In "Harrison Bergeron" how do Hazel and George react to the televised murder of their son?
Because of the handicaps that George has, his reaction to his son's murder is brief, and because of Hazel's "low" intelligence and short attention span, hers is also underwhelming. Their son, Harrison, has been gone for a long time, imprisoned by the Handicapper General and her thugs. So when they see him on television, it is for the first time in months. You would imagine immediate recognition, and joy at seeing him, but, George's recognition is blasted away by a loud sound in his head. After Harrison is shot, George went "into the kitchen for a can of beer." No reaction; the death was probably quickly erased by a loud "handicap" of a distraction in his ear; in the brief span of the story, these handicaps have already happened multiple times, and we realize that George can barely think straight at all, about anything. That includes his son. So, his reaction? Nothing, because the handicap that he has assures he can't dwell on anything or remember it for too long.
Hazel has a more physical reaction; she starts crying. She is, momentarily, deeply distressed by what has occurred, but, because of her level of intelligence and memory, she quickly forgets what happened. Her husband sees the tears and asks what is wrong, but she can't remember. The closest she gets is remembering that "something real sad on television."
In the Bergeron's society, handicaps assure that no one ever feels anything negative--sadness, grief, misery, jealousy, or low self-esteem. So, when Harrison is gunned down in front of them on television, his own parents feel only a momentary pain before forgetting. I hope that those thoughts help; good luck!
George and Hazel struggle to appreciate the dancing ballerinas that they are watching on the television and fail to comprehend their son's rebellious act. George, who is extremely intelligent, is forced to wear headphones that make loud noises every twenty seconds in order to interrupt his thoughts. George's wife, Hazel, can only think of things in short bursts, which means she cannot truly understand or comprehend the significance of her son on the television screen.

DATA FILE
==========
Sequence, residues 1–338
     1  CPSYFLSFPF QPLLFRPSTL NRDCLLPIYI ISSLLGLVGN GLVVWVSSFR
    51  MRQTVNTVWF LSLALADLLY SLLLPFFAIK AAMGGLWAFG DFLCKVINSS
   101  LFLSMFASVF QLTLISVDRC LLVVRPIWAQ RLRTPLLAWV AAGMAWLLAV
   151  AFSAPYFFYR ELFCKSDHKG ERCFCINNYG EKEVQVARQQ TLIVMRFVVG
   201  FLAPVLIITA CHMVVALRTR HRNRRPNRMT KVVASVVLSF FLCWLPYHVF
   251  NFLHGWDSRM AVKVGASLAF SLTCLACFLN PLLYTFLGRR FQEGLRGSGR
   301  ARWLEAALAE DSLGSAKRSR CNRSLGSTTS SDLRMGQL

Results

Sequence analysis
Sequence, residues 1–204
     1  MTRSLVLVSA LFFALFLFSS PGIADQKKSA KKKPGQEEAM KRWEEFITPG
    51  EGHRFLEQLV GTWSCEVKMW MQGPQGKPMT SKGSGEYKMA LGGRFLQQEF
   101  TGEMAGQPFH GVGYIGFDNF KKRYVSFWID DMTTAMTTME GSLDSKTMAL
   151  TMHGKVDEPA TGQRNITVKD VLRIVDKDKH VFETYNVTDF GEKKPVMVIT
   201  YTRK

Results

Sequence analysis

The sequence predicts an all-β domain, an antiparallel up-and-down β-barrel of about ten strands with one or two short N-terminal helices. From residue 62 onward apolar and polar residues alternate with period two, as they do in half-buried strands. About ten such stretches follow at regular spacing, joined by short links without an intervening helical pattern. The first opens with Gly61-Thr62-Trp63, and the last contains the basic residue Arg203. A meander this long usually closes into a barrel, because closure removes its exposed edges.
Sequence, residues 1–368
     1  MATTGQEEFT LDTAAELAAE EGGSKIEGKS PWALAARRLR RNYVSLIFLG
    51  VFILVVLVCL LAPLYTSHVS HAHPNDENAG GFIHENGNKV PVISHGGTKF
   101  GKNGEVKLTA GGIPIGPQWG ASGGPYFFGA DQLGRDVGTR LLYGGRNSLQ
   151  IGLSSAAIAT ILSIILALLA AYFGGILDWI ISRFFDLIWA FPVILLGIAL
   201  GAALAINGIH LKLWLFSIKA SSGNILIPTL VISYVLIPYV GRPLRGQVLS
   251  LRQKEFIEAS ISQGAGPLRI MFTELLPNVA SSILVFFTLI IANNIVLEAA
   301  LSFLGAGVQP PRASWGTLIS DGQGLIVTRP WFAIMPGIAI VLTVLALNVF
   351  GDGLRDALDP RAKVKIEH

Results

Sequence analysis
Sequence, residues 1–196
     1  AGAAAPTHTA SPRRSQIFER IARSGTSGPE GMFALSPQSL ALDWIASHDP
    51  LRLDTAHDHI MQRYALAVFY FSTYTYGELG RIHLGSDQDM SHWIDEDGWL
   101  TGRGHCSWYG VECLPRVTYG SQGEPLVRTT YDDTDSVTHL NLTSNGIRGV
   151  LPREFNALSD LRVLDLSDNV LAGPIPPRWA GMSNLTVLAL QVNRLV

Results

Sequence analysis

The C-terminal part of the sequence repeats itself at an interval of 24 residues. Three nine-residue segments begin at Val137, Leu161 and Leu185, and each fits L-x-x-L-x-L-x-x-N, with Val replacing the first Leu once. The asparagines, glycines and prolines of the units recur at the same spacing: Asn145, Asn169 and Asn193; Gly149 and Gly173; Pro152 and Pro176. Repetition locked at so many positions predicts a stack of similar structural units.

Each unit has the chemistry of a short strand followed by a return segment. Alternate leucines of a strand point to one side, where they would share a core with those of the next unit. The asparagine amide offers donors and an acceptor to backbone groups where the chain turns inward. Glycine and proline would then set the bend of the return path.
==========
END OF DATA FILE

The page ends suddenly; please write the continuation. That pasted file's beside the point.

When Harrison's picture is initially shown on the screen, George recognizes his son but immediately forgets what he is watching after a loud sound goes off in his head. Harrison then enters the television studio and declares himself the emperor. He then strips away his massive handicaps and leaps into the air and kisses a ballerina. After Diana Moon Glampers kills Harrison, George walks back from the kitchen with a beer in his hand, and Hazel notices that he's been crying. Unfortunately, George cannot recall why he's been crying. When Hazel asks what caused him to cry, George responds by saying, "Something real sad on television" (Vonnegut, 6).
During the climax of Ray Bradbury's short story "Harrison Bergeron", the titular character and a ballet dancer are murdered by Diana Moon Glampers (the Handicapper General) as punishment for removing their handicaps (heavy weights and hideous masks). Their deaths are televised and Harrison's mother, Hazel, is watching the news report as the events unfold.
Initially, Hazel is deeply troubled by her son's death, as is evidenced by the tears that George sees in her eyes upon returning to the room after grabbing a drink. When asked why she has been crying, Hazel responds by pointing out "Something real sad on television," but she does not go into specifics as to what she saw. Instead of pressing her for details, George tells her to "Forget sad things," before being handicapped by having the the sound of a riveting gun played into his ear.
Distracted by her husband's reaction to his handicap, Hazel forgets about Harrison's death and the short story ends with neither of Harrison's parents recognizing the fact that their son has just been murdered on live television.